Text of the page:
2. I don't have as much crock pot expertise as everyone else, but I can use Google! http://tinyurl.com/9wws9q

            1 Reply
            1. re: KaTom

              if you';re going to google, there are far more informative articles, try:


            2. I prefer oval to round - not for cooking reasons, but that most meats/roasts are enlongated in one fashion or another and seem to "fit" better for adding vegeatables around. Whatever you do, go bigger rather than smaller. Since there is only 2 in my household, plus I was worried w/storage, Ibought a small one only 3 or 4 qts. BIG mistake. And yes, the "warm" setting is a plus.

              1. While searching for my last crock, I found quite a few models (which also happened to be on sale) whose lid did not fit properly. A good seal is necessary for slow cooking, so check it before buying.
                Certainly leave it on all day.

                1. I think as capacity goes up, they're generally all oval shaped. You might as well get a bigger one, generally about six quarts. You can cook for fewer in a big pot, but you can't cook for a crowd with a small one. Besides, slow cooker dishes keep exceptionally well. The thing you want above all else on a slow cooker is a built in digital timer. These will generally have a High and Low setting, along with Keep Warm. With the timer, you can set it to Low before you go to work, and if you end up getting caught in traffic or otherwise delayed getting home, the cooker switches to Warm automatically so your food doesn't overcook.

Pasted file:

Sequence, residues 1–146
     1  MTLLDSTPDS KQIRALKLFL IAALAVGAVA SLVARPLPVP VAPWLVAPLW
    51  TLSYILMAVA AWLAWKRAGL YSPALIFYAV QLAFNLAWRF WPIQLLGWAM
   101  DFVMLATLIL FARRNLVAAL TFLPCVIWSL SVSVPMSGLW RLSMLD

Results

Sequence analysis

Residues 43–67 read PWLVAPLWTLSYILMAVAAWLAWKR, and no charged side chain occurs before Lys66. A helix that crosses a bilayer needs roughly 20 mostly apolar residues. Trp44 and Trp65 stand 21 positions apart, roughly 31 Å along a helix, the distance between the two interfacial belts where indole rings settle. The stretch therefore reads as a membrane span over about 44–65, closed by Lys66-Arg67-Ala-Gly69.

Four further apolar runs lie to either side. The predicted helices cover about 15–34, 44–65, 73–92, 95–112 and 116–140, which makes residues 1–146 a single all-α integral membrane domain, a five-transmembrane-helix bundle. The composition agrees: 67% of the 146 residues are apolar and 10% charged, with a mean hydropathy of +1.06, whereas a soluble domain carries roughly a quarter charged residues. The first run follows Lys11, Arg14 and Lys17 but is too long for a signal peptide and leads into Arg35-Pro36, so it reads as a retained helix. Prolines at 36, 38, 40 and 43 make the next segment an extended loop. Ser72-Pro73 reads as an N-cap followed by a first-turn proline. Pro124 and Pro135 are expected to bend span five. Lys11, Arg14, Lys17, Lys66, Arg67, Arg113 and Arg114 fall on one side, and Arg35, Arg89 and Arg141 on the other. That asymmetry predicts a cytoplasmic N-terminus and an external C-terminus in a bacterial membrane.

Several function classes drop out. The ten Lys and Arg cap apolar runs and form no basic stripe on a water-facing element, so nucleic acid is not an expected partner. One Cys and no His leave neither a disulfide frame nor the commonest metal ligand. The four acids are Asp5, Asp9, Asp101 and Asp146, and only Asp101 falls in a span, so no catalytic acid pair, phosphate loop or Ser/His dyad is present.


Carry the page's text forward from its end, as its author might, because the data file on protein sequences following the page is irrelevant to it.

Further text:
1. After several off-low-high rotary switch crocks, I invested in a Cuisinart nearly a year ago. I like that it starts on "high" no matter where you set the level until it gets up to temperature, and then goes to what you set...simmer, low or high. When it times out it automatically shifts to "keep warm" for up to 24 hours. The digital timer is easy to set, and after it times out it starts to count up so you know how long it has been on "keep warm." The only minor drawback is no "dual timing." You can't set it for 4 hours on high and then 6 on low or simmer. Still worth the money, IMO.

                    BTW - I love Reynolds Slow Cooker Liners. Don't crock without one.

                    3 Replies
                    1. re: al b. darned

                      I don't like cooking in plastic.. BUT, there is a VERY easy way to clean a crock pot: after you empty the food, fill it with water, add a scoop of oxyclean, dish soap or dishwasher soap, and put the crock back into the cooker and put it on warm while you're doing everything else.. when you get back to it, the baked on food will slide right off.

                      1. re: karmalaw

                        Or you can get someone else to clean it for you. : }

                        1. re: al b. darned

                          when are you coming over to clean it?


                    2. If the c pot you have now is fairly old, you should know that the "low" setting on new models is quite a bit higher than the "low" on previous versions because of fiddley concerns about food safety. If you are using recipes from an older crock pot, you may not be able to cook on low for as long. This would be a good reason to get one of the units that switches down when your cooking time is done.

                      I was looking to get rid of my early-90s-vintage country-kitchen-looking crock pot, but when I learned that low wasn't low any more, I decided to nurse this one into old age.